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The day I beat a split pin

From 1 to 10 October 2021, Yachting New Zealand is joining Steering the Course: a worldwide festival to encourage women into sailing. I say: Go for it.

I stood alone on my newly purchased, 30-year-old yacht in the haulout yard and wondered what the hell I had done. In the cockpit lay a job list that ran from changing the oil and fuel filters, sanding the tiller, worrying about osmosis, repairing rotten cockpit seats, removing the rudder which had electrolysis (elec-what?), packing the stern gland (huh?), and repairing a corroded exhaust. It was so easy to write that list.

The only job I had a hope of tackling was sanding the tiller. It started well but then I had to remove the broken tiller extension and it was secured with a split pin that refused to budge. I was yet to understand that, on boats, you can solve many problems by applying the basic principles of levers and fulcrums.

And that’s pretty much how it went. I’d start something. Get stuck. Start something else. Get stuck. Then someone would show me how to tackle one of those tasks. I had a boat full of corroded fittings and, Graeme, a friend I’d met at Boatmasters, told me it was all about technique, not strength. No matter what mess I got myself into, he always knew how to get through it. He gave me a piece of steel pipe to increase the leverage of the socket handle. I broke two bolts. He taught me about vice grips and Easyouts.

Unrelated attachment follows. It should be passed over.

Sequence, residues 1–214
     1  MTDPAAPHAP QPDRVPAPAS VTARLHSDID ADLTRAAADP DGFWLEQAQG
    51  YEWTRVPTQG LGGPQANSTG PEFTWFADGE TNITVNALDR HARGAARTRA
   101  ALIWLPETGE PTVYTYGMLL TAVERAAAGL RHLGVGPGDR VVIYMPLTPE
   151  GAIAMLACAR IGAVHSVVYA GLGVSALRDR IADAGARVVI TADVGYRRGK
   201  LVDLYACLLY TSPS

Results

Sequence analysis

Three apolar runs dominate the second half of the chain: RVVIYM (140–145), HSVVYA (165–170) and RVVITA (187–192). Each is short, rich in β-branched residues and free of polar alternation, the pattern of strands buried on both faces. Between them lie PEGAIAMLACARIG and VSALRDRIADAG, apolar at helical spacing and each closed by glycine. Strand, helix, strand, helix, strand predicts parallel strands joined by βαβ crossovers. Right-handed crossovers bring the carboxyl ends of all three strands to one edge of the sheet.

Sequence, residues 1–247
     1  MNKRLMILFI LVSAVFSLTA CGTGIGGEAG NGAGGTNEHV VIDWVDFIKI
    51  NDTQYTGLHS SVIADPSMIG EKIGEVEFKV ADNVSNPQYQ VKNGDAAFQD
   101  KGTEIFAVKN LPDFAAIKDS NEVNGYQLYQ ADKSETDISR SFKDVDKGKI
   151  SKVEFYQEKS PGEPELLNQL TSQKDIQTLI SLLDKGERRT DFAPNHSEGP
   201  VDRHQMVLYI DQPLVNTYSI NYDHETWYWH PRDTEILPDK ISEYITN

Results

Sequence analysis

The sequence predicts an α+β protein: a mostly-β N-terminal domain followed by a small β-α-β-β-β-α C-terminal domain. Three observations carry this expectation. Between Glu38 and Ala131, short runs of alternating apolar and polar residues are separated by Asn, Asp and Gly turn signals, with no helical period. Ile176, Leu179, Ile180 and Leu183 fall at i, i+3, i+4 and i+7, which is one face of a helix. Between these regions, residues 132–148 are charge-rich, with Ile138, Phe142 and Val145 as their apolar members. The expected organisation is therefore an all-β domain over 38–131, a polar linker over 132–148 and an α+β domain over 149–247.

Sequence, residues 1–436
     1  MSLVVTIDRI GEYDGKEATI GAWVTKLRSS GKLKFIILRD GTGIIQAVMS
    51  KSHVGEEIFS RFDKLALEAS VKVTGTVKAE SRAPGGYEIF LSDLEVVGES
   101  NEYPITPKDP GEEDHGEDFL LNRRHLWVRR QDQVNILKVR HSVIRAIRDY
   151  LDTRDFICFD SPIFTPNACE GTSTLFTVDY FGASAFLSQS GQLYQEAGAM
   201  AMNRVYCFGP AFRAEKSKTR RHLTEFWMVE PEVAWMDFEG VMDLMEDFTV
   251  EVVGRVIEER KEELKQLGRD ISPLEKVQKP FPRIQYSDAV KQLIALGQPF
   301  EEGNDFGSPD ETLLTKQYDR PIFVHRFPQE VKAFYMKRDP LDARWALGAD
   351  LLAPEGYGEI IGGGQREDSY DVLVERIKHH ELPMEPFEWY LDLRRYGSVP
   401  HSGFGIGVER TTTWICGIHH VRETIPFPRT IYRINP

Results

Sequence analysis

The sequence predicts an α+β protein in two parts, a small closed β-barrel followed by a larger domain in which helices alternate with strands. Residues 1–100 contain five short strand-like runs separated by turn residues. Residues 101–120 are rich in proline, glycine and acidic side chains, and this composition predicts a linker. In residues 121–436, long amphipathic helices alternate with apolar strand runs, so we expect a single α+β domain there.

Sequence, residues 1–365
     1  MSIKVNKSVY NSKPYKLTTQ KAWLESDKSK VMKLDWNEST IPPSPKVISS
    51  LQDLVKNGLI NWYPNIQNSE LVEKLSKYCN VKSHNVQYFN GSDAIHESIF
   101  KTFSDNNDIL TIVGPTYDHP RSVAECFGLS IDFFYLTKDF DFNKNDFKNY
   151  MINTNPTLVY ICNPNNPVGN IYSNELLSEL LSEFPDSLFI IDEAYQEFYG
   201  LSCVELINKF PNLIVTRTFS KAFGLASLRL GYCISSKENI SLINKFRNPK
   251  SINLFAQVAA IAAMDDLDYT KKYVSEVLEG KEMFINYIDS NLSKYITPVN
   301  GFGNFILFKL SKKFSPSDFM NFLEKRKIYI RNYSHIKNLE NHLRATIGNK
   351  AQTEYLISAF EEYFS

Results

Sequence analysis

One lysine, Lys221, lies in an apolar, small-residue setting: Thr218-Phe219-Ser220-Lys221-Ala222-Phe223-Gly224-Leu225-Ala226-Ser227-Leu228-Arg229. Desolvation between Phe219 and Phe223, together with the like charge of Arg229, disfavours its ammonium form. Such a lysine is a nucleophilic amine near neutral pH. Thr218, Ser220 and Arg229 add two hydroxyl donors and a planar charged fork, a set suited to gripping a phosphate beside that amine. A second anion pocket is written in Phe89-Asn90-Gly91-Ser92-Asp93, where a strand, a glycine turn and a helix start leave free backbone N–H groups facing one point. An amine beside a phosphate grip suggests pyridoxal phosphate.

I also started marshalling my team among the various chandleries, paint suppliers and engineers. Some were really helpful; others, not so much.

But experience is what you get just after you need it. Like when I mixed my first batch of epoxy, forgot to put it in a shallow container and it cooked into a hard, fizzing mass of hokey pokey before I’d used it. Like when I mixed the next batch and, terrified of using too much hardener, had to wait four days for it to go off.

Weeks, then months went by. Others boats arrived on the hardstand as car loads of helpers swarmed in. Tools buzzed and whirled and banged as topsides blemishes disappeared, broken hatches were replaced and hulls anti-fouled. Then my new friends would book the haulout guys – we called them The Flintstones – and their gleaming boat would slip back into the water and off on a cruise, leaving me alone with my job list.

Except I wasn’t alone. People dropped by to meet the ‘bird with the boat’, and I discovered the greatest menace to boat work: bystanders. I got tough: if they weren’t an engineer, an electrician or a boatbuilder, or at least proficient in one of those disciplines, they could bugger off.

But something weird was happening: I was so motivated. I’d be at the boat at 7am, then change into my city clothes in the carpark, head into work and be back at 5.30pm until it was dark. I’d never seen me like that before. Gradually, I was changing the boat, and she was changing me.

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